Petroleum Exploration in the Arctic

Petroleum exploration in the Arctic has increased in the last few years mostly due to the increase in oil prices and continued demand across the world for this resource. Several major companies have taken on new or extended projects in spite of a higher Petroleum Profits Tax as levied by the State of Alaska. Companies like Shell, Alaska Petroleum, Anadarko Petroleum and continue to play major roles in drilling, testing, and hopefully tapping more oil. Exploration is mostly concentrated near the ANWR border east of Prudhoe Bay, in the southern area of the Brooks Range foothills, and west of the NPRA (National Petroleum Reserve).

Alaska Petroleum Exploration

Petroleum exploration in the Arctic has long been a conflicting issue for the world from a political standpoint as well as an ecological one. Many people worry that continued exploration is going to be at the cost of losing natural areas and wildlife habitats that are crucial to the chain of life. Conversely, oil is still a necessary and highly sought after resource. Oil exploration is at an all time high and more people are employed as a result. Searching for oil costs a great deal of money and as many have recently observed in the BP leak in the Gulf, clean up can also be very expensive and take its toll on the surrounding environment and wildlife, not to mention human impact.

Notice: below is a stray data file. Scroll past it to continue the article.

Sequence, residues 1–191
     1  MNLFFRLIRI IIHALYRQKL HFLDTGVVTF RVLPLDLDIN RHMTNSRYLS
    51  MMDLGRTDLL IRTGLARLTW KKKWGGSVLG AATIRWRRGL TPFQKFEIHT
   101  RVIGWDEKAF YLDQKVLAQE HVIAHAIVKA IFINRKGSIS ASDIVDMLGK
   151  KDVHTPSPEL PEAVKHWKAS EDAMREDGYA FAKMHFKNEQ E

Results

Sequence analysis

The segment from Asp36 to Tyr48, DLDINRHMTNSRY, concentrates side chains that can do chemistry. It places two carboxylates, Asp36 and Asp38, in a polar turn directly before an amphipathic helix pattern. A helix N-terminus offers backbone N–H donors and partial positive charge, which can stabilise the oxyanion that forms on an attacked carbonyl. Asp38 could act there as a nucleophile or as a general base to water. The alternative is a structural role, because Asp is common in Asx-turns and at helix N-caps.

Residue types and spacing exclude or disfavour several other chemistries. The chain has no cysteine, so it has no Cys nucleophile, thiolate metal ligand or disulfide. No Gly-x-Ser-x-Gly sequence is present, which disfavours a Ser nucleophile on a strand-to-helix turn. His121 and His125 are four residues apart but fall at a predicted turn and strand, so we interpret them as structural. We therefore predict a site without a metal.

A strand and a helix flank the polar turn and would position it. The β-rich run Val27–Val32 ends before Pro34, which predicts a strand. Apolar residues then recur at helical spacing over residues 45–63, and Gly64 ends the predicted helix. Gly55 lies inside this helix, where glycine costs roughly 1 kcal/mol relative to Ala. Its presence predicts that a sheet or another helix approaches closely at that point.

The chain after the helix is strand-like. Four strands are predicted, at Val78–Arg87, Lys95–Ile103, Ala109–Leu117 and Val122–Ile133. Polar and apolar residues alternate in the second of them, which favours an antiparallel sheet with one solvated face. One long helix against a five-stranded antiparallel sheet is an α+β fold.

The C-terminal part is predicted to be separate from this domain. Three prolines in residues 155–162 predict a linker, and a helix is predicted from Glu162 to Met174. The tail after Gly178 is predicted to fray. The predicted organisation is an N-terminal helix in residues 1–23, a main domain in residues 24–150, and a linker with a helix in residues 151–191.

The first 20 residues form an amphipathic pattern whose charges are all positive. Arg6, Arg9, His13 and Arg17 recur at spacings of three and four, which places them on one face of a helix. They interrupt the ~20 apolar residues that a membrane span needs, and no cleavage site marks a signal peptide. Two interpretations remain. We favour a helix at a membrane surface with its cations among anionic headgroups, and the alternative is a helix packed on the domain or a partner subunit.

Petroleum exploration in the Arctic is a political hot button and likely will be for some time. President Obama in recent months announced his desire that OCS (outer continental shelf) oil and gas exploration leasing would be allowed in the Chuck-chi Sea. Other leases on the Beaufort and Chuck-chi Seas would be discontinued. The President and Congress will still have to decide how the royalties of tax gains will be shared with the Federal Government and individual states like Alaska. The amount of oil expected to be gained from Alaskan OCS is nearly 30 billion barrels of oil.

One of the controversial aspects to petroleum exploration in the Arctic has been how ANWR would be affected. The Arctic National Wildlife Refuge, situated on Alaska’s northern area between Prudhoe Bay and the Canadian Border divided a lot of people as to whether oil exploration should take place there. Alaskans seem to support limited exploration and the state legislature continues to pass resolutions supporting oil exploration. Some are still concerned that exploring for oil at all in the ANWR area could damage the ecosystem and wildlife.